Tales of the unexpected
EDDIE IZZARD / STEWART LEE / IVOR DEMBINA, 3RD OCTOBER 2008, THE KING'S HEAD, CROUCH END
There's a passage in Harry Pearson's brilliant football-themed memoir / travelogue 'The Far Corner' which details the author's running battle with his lunch while sat on a bus and which concludes with the observation that "I don't know who it was that invented egg mayonnaise sandwiches, but I suspect it was someone with a heavy investment in the dry-cleaning industry".
I now know how he feels.
Hurriedly stuffing an egg mayo sarnie into my face pre-gig, some of the aforementioned filling drops out, I presume onto the pavement. No such luck, however - as I discover to my cost when I later reach into my pocket for my ringing phone, press it to my ear and inadvertently squidge egg mayonnaise into my lughole.
This kind of thing is only supposed to happen in bad sitcoms. Tonight's entertainment will have to go some way to be funnier.
Ronnie Golden, the King's Head's regular compere, appears to be the lovechild of Derek Acora and Roy Walker (if that's possible and not too grim to contemplate). He kicks off proceedings with a number of standards with his band The Rex, before taking requests to perform one song in the style of another. James Brown's take on Leonard Cohen is obvious enough (peppered with yelps of "Yeah!", "Get on up!" and "Get down!"), but the larynx-shredding Tom Waits cover of Gloria Gaynor's 'I Will Survive' is wondrous - not least because Ronnie's somehow still able to talk afterwards.
Ivor Dembina is probably better known in London as the host of comedy nights in Brixton and Hampstead (presumably to two very different types of crowd...) than as a stand-up in his own right, but, though his short set is a fairly disjointed series of gags, he's got a far sharper mind than his appearance - woolly hat, awkward-looking - might suggest.
Foregrounding his Jewishness from the outset, he sets out to say things others probably couldn't, claiming "I'm all for giving the Occupied Territories back, as long as we can keep New York" and later pushing the boundaries of taste by playing up the Jewish indignation at being lumped in with gypsies, homosexuals and the disabled in the holocaust memorials: "'It's not Yourschwitz, it's Auschwitz'!"
From a man who looks like he might wander around London collecting dog-ends to a man who wrote a novel featuring a character who wanders around London collecting dog-ends. Regular readers will no doubt realise that Stewart Lee is the reason I'm here.
Lee begins by ridiculing the oft-repeated cliche that being a stand-up must be "the hardest job in the world" - his point only partly compromised when he's forced to deal with the drunken interruptions of a bloke at pains to let everyone know his mum's just arrived.
The bulk of the set involves Lee reading from "celebrity hardbacks" and deconstructing even the most seemingly innocent sentences. While taking pot-shots at Chris Moyles's 'The Difficult Second Book' is hardly a challenging course of action for a comic of Lee's talents, he does it so well. Every time he reads out a line, repeats it, closes the book and says slowly and deliberately "Well..." or "Now...", we know that it's destined for dissection by his ruthless logic. His observation about the way Davina McCall's celebrity endorsement suggests Moyles has failed even in his lowly ambition to write a book that can be enjoyed on the shitter is brilliant. As for Asher D's comparing himself to Jesus, I think we can all see the direction in which that material might be taken, given Lee's past...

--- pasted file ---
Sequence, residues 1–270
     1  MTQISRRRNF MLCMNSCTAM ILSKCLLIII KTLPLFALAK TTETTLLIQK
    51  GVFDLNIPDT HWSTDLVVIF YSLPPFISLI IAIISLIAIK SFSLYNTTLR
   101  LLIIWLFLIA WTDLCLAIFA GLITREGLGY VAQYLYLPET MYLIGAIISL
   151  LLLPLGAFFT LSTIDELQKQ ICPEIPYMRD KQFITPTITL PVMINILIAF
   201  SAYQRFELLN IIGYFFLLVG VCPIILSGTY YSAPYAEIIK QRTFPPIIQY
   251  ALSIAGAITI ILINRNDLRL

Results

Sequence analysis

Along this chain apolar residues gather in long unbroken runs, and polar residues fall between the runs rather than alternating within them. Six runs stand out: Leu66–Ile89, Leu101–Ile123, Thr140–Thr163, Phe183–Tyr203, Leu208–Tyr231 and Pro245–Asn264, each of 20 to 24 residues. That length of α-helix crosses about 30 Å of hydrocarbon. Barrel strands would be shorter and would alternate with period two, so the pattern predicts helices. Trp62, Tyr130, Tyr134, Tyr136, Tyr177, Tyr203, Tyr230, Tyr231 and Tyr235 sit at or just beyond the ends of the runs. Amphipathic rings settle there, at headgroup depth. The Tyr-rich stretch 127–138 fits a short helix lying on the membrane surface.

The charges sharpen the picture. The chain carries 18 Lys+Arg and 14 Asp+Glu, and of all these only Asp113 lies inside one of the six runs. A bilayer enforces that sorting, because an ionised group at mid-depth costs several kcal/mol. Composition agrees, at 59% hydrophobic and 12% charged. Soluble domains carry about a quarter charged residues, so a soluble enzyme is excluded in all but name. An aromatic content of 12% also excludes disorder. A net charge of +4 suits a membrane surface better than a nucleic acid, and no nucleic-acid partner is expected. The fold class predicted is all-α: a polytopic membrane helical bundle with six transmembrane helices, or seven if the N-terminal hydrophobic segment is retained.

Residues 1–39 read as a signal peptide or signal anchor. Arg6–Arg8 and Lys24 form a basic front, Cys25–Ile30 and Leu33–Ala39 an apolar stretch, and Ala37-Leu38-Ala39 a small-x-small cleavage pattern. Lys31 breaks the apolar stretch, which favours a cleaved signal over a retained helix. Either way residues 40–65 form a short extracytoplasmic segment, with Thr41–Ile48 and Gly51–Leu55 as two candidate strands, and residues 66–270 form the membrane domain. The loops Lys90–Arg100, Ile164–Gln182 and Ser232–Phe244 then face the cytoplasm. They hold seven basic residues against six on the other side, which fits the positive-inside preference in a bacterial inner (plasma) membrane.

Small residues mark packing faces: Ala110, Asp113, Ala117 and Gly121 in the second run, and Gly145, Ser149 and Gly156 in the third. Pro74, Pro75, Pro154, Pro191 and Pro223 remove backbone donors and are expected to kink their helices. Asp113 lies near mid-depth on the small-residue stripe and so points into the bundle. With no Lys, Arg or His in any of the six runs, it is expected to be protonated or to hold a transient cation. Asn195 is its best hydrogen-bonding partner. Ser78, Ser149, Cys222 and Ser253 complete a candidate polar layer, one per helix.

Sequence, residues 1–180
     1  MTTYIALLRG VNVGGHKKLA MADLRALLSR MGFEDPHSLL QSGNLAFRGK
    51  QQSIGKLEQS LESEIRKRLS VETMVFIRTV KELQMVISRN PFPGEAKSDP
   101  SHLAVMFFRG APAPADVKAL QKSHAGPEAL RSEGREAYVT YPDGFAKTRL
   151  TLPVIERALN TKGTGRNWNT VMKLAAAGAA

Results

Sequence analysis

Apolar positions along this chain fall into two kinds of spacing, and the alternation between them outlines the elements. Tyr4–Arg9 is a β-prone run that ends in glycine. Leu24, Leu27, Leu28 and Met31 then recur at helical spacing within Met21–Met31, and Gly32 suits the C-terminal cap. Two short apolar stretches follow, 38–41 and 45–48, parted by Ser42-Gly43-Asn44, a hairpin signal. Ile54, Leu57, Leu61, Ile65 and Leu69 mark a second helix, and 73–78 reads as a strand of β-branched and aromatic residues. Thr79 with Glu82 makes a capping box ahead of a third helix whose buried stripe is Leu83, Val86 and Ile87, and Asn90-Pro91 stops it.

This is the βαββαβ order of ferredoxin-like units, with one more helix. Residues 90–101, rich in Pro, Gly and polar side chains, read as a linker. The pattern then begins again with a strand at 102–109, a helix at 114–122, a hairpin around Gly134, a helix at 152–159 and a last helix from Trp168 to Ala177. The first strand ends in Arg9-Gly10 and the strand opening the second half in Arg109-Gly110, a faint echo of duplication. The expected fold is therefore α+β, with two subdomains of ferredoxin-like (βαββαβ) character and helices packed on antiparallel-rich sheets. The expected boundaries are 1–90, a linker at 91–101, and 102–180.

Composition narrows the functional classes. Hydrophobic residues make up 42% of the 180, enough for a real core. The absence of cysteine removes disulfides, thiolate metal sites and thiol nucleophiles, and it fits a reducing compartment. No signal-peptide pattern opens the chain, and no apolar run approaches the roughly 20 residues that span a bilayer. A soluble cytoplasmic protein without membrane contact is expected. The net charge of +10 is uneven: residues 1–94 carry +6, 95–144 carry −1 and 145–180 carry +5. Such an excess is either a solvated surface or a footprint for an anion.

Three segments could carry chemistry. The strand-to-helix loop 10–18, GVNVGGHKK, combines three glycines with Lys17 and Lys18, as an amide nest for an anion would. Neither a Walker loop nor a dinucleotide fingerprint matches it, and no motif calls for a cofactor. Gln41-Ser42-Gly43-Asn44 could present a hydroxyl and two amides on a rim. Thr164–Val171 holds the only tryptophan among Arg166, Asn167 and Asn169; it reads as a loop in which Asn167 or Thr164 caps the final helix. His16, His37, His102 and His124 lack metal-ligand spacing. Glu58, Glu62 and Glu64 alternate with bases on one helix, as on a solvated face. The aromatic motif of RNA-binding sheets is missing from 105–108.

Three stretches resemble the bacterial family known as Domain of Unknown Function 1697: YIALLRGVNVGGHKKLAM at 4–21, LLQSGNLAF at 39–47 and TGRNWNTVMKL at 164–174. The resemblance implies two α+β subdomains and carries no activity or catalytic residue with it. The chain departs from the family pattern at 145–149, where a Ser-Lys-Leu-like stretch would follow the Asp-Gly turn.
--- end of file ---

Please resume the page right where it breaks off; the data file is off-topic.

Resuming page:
When he leaves the stage, I'm suspicious that his time's been cut short for some reason - and that reason soon becomes clear, Ronnie Golden announcing to the stunned surprise and delight of the whole room that none other than Eddie Izzard has popped along for a quick set. Such are the bonuses of going to well-established and well-respected comedy nights in the capital, it seems.
Now, at the risk of seeming ungrateful at getting the unexpected opportunity to witness a seasoned and celebrated stand-up accustomed to playing theatres and stadia performing in front of barely 75 people (a full house), I remain largely unmoved while everyone else swoons and falls about with laughter. Just because it FEELS I should do likewise doesn't mean I ACTUALLY should, and while his latest material has its moments - particularly a section about Noah's Ark and his musings about what was cutting-edge in the Stone Age - it doesn't have the same impact as what's gone before.
Part of the problem is that Izzard's predecessor on stage has in the past been critical of his simulation of spontaneity, and I've got that thought on the brain - a rare occasion indeed when one comic not only heckles another but does so a few years previously...
To his credit, Izzard has at least confessed to this deceit, having done so most recently in a televised conversation with Graham Norton a couple of days prior to tonight's show - but on that occasion he also took the opportunity to brazenly shoehorn the not particularly funny Wikipedia routine into the flow of their couch chat, so some of the material is already familiar. Why do I feel as I do about this routine and yet lap up Stewart Lee's closing gag about poisonous berries, one I've heard him use several times before?
Ultimately, it probably comes down to the simple fact that I prefer Lee and, no doubt unlike nearly everyone else here (with the exception perhaps of The Actor Kevin Eldon, lurking by the door with a bevy of female companions), would actually have rather enjoyed an extra half-hour of ritual Moyles savaging. Ungrateful git that I am.